An American University poll of students throughout the country reports that about half intend to purchase a gun when they graduate.  So much for ” And a child shall lead them.”

And while we are all focused on AK47 assault rifles and inexhaustible ammo clips, we should remember that you are 17 times more likely to be killed by a handgun than a rifle. And who’s even talking about that ubiquitous weapon?

Yes, I listened to the Obama press conference where he announce the actions he was prepared to take to curb the insanity. At times I felt like he was an actor, playing his role until the curtain came down. Then it would be back to business as usual.

A trip to the Brady Gun Control website will reward you with a peek at a graphic in the upper right corner of the home page.  It announces, in real time, the number of today’s gun deaths in the U.S.   At noon on January 18, the daily total stood at 176.  That’s nearly double the number of gun deaths in the U.K. for an entire year.  More people die in English soccer riots.

So head on over to the Brady site.  Look at the graphic.  And be grateful that your son is not part of that statistic.

guns

Chutzpah

There are three crosswalks on Ojai Avenue in one itsy-bitsy block between Signal and Montgomery streets.  For some people this abundance of traffic clogging, accident waiting to happen, laughingly named safety zones is not nearly enough.  So they create their own personal spaces by stepping into traffic wherever their little hearts desire.

Sweetie and I were cruising down the Avenue yesterday when a thirtyish woman, cardboard coffee cup in hand,  invited great bodily harm by forging an angular path between the Coffee Roasting Company and Rains department store.  Bristling with indignation, I was tempted to maintain my usual snails pace and come as close as possible to her comely derriere.  Weighing my options,  I took the coward’s way out and merely honked.  She paid not a whit of attention to my muted reproach and slithered her selfish way to the curb.

Sweetie and I then exchanged our usual “what a bozo, big jerk, some people’s children, may she rot in hell” expressions of pique.  We continued our remonstrations by sharing the customary “she must be very lonely and in need of attention.”  Ending with “I hope someone does that to her the next time the bitch is behind the wheel”, we went on our merry way.

Not to be outdone by the jaywalking sphinx, I marveled at the next bit of chutzpah to share itself with my otherwise boring day.  AIG, the multi-gazillion dollar financial behemoth, sought to establish itself as the champion ingrate of all time.

You remember AIG.  When the markets tanked in 2008 and Lehman Brothers was thrown to the wolves for not being big enough to fling the Earth off its axis, AIG came crawling on its knees, pencils in hat, apples on pushcart, and begged for a handout.  Since no one knew what AIG stood for or what they really did for a living, the U.S. Government (i.e. Joe Taxpayer) shoveled  $182 billion into AIG’s sidewalk cigar box.  Well over the amount needed to buy a pack of cigarettes or a bottle of Thunderbird, I wonder if Tim Geithner, Henry Paulson and ninety-nine percent of Congress had any idea what AIG was going to do with the leftover change.

No matter that AIG’s problems stemmed from its own greed in participating in the credit default swaps market (whatever that was.)  The end of America as we knew it would take place as surely as Columbus would fall over the edge of the earth if we didn’t reward private greed with a public handout.  So bailout we did.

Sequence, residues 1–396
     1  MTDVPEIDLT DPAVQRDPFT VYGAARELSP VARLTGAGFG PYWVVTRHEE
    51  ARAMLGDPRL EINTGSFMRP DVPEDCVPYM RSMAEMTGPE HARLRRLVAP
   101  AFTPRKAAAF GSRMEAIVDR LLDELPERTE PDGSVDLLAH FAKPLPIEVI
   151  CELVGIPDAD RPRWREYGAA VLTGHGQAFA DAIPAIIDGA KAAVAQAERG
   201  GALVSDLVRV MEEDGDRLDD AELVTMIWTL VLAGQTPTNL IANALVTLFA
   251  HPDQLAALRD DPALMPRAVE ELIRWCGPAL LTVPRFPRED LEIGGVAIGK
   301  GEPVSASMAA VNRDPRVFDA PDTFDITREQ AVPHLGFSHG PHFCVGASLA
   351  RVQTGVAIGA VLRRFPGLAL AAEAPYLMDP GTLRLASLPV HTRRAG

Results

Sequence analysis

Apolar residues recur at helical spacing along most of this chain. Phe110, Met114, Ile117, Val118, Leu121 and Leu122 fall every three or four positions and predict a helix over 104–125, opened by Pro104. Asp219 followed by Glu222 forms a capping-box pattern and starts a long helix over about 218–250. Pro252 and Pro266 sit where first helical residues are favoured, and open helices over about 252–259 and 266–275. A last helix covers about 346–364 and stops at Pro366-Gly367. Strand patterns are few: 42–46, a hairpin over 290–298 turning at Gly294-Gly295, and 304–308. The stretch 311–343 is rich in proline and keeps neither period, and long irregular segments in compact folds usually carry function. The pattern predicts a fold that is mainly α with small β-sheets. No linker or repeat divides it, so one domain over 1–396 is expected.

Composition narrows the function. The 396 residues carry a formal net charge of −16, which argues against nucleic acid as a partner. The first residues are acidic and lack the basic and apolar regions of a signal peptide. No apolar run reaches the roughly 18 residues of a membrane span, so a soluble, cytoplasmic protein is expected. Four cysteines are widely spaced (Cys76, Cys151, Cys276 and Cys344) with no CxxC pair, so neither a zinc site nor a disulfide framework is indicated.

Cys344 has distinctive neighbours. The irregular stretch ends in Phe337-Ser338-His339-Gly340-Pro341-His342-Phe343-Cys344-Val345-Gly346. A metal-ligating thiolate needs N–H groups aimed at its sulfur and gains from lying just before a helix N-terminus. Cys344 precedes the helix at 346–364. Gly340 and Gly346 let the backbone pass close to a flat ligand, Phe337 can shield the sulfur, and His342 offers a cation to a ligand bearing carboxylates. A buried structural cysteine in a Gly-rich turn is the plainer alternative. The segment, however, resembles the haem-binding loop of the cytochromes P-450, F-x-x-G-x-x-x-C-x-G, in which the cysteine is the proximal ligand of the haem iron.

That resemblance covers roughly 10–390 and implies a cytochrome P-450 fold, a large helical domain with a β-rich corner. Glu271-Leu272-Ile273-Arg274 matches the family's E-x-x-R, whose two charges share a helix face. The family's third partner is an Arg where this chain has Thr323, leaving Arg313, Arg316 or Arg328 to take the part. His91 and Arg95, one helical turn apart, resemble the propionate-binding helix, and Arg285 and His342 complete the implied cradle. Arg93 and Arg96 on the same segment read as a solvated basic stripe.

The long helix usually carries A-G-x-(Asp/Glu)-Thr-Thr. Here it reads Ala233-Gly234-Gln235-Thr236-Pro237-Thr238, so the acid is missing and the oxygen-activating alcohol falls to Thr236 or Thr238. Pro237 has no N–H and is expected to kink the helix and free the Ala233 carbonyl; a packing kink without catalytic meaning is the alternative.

Probably more as a result of the improving economy, less hysteria among the general public, and to little if any credit of their own, AIG mended its fences, guillotined the old execs and hired new folks who promised to never do that again.  And they paid back the $182 billion with interest.  And AIG started running TV ads thanking us for our largess.  And everyone lived happily ever after.

Sort of.  Today, Wednesday, AIG’s board of directors meets to consider joining other destitute investors who are suing the U.S. government for $25 billion.  Maurice Greenberg, former CEO of AIG, filed the suit last year on behalf of himself and other AIG investors.  Simply put, Maurice claims that the terms of the bailout were so skewed in the government’s favor that they constituted an unlawful taking of personal property, a no-no frowned upon by the   Fifth Amendment, which prohibits the taking of private property for “public use, without just compensation.”

Mr. Greenberg doesn’t claim that the bailout wasn’t needed.  Just that it was like an armed robbery of a drowning person headed down for the third time.  What Maurice fails to highlight is that without the $182 billion, all of us today would be saying “AIG, who?”

Maurice ran AIG for nearly forty years before resigning in 2005 amid accusations of fudging the books.  The lawsuit against the government has already cost us the time of a legion of U.S. attorneys.  Obviously in need of more recreational reading, Maurice as part of the suit has asked for 16 million pages of government documents.

So you wonder.  Why is AIG even considering being a party to this sham?  As AIG spokesman Jon Diat said… “The A.I.G. board of directors takes its fiduciary duties and business judgment responsibilities seriously,”  Maybe except when there’s a buck to made in the credit default swaps market.

While I was writing this diatribe, the AIG board did meet  this morning and decided not to be a party to the suit.  As the Times noted… Lawmakers in recent days have warned the company not to side with Mr. Greenberg, which would make it “the poster company for corporate ingratitude and chutzpah.”

The jaywalking sphinx is gonna be hard to beat.  But I bet Maurice will keep trying.

Maurice Greenberg